Archive of Articles for December, 2015

Debate Notes

[ Posted Tuesday, December 15th, 2015 – 23:33 UTC ]

Once again, welcome to a post-debate column. As always, these are my own snap reactions, uninfluenced by what others are thinking or saying. Also as always, any of the quotes below were hastily jotted down, and may not be word-for-word accurate. That's enough of an introduction, at this point, so let's just dive right in.

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Tuesday's Debate Could Be Last Chance To Knock Out Trump

[ Posted Monday, December 14th, 2015 – 17:54 UTC ]

The fifth Republican presidential debate of the 2016 election cycle will take place tomorrow night. With less than two months to go before the voters finally get their chance to weigh in, this may be the last chance any of the other Republican contenders have of knocking Donald Trump out of first place. For many of the candidates on stage, Tuesday may be their last chance at remaining even slightly relevant to the race. There will also be a fierce battle for second place between Marco Rubio and Ted Cruz. All of this adds up to a fairly important night, and with Donald Trump at center stage once again, also likely an entertaining one.

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Friday Talking Points [372] -- Not Funny Anymore

[ Posted Friday, December 11th, 2015 – 17:33 UTC ]

Hillary Clinton is right. Last night, on Seth Meyers's late-night show, Clinton had this to say about Donald Trump's candidacy: "I no longer think he is funny." Earlier in the week, the Huffington Post announced that it was un-banishing Trump from the "Entertainment" section and would now properly cover him under "Politics." Arianna and Hillary are correct -- what started out as a hilarious joke is no longer even the slightest bit funny anymore.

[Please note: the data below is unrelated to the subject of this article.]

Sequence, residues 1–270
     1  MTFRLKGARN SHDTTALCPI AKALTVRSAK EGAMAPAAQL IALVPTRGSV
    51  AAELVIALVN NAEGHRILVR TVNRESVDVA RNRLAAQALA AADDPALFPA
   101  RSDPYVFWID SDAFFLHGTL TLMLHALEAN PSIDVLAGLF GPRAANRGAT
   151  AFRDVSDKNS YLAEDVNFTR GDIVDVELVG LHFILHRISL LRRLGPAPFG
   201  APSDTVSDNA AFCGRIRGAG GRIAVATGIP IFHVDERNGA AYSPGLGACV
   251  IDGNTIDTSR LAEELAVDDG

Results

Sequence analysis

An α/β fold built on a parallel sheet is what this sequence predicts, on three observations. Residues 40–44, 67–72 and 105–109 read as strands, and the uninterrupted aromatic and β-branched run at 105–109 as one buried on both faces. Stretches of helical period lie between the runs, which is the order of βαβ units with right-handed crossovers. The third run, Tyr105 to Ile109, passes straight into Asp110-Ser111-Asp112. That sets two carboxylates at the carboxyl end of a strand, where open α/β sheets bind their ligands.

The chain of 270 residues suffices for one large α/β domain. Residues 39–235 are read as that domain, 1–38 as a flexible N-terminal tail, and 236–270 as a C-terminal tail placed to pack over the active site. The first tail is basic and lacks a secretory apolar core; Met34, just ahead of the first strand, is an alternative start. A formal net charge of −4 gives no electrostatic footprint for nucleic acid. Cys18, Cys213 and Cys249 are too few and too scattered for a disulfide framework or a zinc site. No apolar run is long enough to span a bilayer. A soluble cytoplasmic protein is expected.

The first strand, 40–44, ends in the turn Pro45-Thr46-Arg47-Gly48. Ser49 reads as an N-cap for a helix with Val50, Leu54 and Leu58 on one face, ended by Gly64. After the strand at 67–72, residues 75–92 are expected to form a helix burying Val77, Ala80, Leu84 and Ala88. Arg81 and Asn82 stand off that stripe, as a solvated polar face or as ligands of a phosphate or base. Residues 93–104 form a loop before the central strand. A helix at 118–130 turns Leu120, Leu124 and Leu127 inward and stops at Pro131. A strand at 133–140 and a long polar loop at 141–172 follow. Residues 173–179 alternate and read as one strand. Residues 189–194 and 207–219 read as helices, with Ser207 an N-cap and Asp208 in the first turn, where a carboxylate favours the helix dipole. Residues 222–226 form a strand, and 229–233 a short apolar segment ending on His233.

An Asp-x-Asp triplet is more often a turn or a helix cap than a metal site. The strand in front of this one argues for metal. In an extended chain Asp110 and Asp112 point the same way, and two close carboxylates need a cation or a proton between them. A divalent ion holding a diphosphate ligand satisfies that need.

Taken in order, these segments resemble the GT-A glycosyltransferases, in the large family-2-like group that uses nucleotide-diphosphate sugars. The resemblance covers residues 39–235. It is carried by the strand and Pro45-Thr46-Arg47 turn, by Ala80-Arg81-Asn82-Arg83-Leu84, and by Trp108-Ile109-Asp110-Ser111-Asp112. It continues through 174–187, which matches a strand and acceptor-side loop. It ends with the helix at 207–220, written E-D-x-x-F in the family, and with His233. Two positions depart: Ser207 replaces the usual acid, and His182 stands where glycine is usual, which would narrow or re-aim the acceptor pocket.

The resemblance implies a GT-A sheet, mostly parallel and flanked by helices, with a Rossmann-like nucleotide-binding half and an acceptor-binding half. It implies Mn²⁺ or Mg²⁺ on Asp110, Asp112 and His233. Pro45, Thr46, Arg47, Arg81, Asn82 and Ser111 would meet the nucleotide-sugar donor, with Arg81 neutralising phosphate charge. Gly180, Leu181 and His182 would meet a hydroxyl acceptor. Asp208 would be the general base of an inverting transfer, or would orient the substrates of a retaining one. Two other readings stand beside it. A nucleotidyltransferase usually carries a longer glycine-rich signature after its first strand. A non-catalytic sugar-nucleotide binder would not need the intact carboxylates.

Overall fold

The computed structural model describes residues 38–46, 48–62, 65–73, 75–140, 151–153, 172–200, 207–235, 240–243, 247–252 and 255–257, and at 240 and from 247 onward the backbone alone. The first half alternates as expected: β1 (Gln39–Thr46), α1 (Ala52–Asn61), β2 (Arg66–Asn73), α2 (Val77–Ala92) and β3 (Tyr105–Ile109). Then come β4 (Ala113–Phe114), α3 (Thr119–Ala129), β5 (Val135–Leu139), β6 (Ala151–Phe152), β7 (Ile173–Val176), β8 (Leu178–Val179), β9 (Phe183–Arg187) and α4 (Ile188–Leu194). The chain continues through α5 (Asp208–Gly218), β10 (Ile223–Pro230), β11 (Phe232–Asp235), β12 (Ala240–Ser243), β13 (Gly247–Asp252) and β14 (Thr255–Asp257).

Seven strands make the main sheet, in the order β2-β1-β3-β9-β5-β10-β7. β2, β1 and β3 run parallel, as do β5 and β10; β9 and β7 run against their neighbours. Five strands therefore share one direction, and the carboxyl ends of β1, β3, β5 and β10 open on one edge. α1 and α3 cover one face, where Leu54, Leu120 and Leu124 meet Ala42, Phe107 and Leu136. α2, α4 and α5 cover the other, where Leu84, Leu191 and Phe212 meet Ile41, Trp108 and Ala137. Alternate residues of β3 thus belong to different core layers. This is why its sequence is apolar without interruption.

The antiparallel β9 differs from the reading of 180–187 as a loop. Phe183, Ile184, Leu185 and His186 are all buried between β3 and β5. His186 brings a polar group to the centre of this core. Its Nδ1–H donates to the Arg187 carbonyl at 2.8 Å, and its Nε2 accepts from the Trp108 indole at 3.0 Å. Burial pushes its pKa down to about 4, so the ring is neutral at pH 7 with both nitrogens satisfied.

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Populism's Dark Side

[ Posted Thursday, December 10th, 2015 – 17:54 UTC ]

A few years back -- right around the time I started blogging, in fact -- I was also considering doing a writing project that never actually took shape. I wanted to write a book about how Populism was about due for a resurgence in American politics. This was after watching Ralph Nader and Howard Dean, but before John Edwards and (obviously) Bernie Sanders. The disconnect between how the politicians (of both parties) set their priorities and agenda and what the American people actually wanted from their government was growing into a chasm, which is why I began entertaining thoughts of writing about the historical parallels and the possibility of a Populist wave building in the near future.

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Democratic Race Stabilizes

[ Posted Wednesday, December 9th, 2015 – 18:29 UTC ]

On Monday, I took a look at the Republican nomination race, so I thought it'd be fair to check in today with the Democratic contest. One obvious reason why I (and others in the political commentary world) have been paying so much more attention to Republicans is the continuing volatility of the GOP campaign, which still has (as of this writing) 14 official candidates running. By comparison, the Democratic race is a lot more calm after half the field has already dropped out, which has left only three candidates still in the contest: Hillary Clinton, Bernie Sanders, and Martin O'Malley.